Welcome to the November issue of the Voice for Arran.

Last month saw the passing of our much loved founder Alison Prince. To honour her contribution to the paper, and to Arran more generally, we thought that this editorial space should once again be handed over to her. The following is an extract from one of Alison’s ‘On The Green’ pieces (which she regularly contributed to the Arran Banner) dating back to 2003, and which her granddaughter read at her funeral in Whiting Bay. Alison’s words speak a truth, they remain relevant and compelling, and reflect the hope that we can continue in her strong ethical stance to do justice to the vision she had both for the Voice and for Arran,

“I know there’s a tacit taboo about discussing death and its effects on those who have to live on. But I’m ignoring it. We all suffer at some point from the hammer blow of a loss that seems to threaten our entire being and I don’t see why these cataclysms should be treated as an embarrassing secret.

Older cultures understood this and made provision for it with ceremonies that gave form and shape to grief. Our current civilisation teeters uneasily in the last days of a religion that is fading from its power. In its place many people have nothing at all except a scared conviction that they have to bolster themselves with material goods. But an increasing number, of whom I am one, look back to more ancient beliefs that are proving themselves newly true.

A sense that there is a sacred truth inherent in the natural world itself is a very real spiritual strength. The only trouble is, it lacks ritual structure. We perhaps need our ceremonies and our music and prayers. When tragedy happens we have to find a way to mark what has happened, together with our friends, and we usually manage that. But afterwards, there comes the long and hard question of how to go on into a changed life.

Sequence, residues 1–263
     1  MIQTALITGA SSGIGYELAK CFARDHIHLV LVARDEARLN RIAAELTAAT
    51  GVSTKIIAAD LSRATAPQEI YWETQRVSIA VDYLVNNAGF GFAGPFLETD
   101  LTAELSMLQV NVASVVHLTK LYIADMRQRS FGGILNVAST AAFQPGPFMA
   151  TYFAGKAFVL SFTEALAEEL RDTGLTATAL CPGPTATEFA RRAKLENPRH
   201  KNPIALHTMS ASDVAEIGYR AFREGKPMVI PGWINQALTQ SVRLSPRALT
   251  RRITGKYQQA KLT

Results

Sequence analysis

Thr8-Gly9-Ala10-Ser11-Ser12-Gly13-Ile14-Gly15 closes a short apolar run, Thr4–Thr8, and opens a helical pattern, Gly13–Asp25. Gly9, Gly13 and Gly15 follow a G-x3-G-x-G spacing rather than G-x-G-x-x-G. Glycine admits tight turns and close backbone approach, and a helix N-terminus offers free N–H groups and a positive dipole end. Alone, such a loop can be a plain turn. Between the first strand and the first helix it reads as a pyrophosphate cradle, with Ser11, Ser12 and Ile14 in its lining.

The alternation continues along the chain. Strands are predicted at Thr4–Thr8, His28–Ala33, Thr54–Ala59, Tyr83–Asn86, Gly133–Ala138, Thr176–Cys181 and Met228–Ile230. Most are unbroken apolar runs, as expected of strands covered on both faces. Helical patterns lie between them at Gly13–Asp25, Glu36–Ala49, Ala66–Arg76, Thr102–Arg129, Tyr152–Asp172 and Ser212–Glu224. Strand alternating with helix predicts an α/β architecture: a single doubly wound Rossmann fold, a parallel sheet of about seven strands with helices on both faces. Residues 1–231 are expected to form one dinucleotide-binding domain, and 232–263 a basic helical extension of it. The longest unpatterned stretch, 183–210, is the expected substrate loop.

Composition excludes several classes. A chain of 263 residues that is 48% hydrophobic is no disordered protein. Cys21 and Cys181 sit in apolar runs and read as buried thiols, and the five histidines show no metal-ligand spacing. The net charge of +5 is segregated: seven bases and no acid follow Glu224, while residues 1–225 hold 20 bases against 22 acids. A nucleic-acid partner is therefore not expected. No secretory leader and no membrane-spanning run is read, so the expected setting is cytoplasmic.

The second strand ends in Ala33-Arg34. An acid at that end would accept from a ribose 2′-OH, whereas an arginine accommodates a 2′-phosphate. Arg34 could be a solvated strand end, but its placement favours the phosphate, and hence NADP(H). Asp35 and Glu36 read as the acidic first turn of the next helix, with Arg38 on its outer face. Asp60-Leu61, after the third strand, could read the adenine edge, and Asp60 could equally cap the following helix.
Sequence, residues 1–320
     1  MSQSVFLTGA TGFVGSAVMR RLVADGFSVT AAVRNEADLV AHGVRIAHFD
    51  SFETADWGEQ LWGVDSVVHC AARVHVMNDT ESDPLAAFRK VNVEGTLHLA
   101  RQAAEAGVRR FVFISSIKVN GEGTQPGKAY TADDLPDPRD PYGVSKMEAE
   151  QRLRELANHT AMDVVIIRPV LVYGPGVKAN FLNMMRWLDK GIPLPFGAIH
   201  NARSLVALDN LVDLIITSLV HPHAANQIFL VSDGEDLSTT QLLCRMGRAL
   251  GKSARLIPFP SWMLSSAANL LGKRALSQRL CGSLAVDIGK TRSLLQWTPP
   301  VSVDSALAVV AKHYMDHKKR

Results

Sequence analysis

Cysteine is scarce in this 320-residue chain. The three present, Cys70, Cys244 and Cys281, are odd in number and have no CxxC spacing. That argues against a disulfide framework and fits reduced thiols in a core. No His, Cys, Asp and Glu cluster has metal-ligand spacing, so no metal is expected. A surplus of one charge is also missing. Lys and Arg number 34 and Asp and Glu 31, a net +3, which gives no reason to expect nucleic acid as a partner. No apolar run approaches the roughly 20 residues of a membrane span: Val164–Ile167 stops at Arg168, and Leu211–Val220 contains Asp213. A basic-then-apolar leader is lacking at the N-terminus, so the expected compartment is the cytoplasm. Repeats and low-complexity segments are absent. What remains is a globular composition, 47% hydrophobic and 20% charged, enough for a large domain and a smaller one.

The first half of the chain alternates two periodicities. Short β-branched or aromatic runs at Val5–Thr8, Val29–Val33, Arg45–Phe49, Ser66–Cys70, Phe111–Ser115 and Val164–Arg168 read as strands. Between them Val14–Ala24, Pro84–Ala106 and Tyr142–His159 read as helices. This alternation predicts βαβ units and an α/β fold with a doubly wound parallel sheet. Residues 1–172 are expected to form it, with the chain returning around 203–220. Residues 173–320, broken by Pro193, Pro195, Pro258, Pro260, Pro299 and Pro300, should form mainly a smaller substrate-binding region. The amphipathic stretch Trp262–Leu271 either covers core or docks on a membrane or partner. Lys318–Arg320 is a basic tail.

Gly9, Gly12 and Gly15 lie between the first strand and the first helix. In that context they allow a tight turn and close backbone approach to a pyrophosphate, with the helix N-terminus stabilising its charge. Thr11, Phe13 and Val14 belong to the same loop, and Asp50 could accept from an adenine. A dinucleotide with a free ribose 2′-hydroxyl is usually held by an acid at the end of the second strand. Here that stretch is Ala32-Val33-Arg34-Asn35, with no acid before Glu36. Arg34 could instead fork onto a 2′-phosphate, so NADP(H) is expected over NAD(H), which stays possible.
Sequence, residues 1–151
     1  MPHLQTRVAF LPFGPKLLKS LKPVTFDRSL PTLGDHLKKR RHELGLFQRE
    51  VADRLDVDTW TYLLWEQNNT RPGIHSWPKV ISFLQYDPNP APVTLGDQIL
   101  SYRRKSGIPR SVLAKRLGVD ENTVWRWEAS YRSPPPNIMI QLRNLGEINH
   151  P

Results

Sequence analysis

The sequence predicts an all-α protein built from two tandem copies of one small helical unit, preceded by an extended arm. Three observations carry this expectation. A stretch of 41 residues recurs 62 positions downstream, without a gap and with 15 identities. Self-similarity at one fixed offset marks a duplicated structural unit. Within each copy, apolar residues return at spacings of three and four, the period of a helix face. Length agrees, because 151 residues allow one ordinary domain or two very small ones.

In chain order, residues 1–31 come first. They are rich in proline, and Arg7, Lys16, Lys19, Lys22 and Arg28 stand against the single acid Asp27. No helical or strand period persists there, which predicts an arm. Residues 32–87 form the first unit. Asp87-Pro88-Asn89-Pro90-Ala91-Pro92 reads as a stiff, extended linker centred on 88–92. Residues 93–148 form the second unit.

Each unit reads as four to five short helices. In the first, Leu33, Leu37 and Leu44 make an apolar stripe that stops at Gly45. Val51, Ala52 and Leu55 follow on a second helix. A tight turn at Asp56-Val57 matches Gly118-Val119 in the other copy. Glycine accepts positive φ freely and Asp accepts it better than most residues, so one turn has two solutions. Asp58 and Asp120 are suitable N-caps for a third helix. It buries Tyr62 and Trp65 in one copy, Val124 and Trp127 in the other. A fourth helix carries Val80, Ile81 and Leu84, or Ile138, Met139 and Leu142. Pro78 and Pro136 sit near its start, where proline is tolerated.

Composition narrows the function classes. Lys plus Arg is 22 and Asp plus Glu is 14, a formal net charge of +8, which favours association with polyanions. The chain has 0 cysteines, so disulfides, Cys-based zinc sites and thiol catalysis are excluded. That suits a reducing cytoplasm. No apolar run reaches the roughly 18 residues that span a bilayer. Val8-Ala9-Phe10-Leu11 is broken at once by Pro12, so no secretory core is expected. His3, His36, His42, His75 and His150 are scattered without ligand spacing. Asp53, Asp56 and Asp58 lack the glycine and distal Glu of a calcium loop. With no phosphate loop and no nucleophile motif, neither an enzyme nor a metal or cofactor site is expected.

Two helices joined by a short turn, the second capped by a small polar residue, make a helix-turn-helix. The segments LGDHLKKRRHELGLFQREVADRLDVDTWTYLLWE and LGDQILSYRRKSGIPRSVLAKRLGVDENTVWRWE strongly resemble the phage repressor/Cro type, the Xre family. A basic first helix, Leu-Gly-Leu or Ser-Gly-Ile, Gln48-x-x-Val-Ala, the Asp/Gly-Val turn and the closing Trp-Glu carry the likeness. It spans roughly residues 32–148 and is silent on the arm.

We need a belief. A human hand in one’s own is a great comfort, but what else is there to trust? We seek something permanent and vast, but personal. For me, and perhaps for many of us on Arran, spiritual truth lies in the heart of the place that surrounds us.

There is an extraordinary beauty and rightness about such things as the shape of the hill against the sky and the sweet, ever mysterious line of the horizon, so real and yet so intimately related to one’s position on earth. This rightness extends to small things. The curled shape of a shell found on the beach, the spiral pattern of seeds in a sunflower head, or the curl of an animal’s horns are not random or accidental. They are shaped according to an utterly reliable mathematical formula and the relationship governing them underlies countless natural structures.

For me this reality is a constant ongoing miracle. Every particle of it, every grain of sand and stone, every leaf and pine needle and raindrop adds to a changing but continuing beauty and its truth is absolute. One can never fully know it, but it is utterly to be trusted. It cannot let you down. As Thomas Traherne put it – somewhere around 1660 – “All virtues lie in the world as seeds in a pomegranate.” He was quoting Solomon, so the idea wasn’t a new one.”

Alison Prince (1931 – 2019)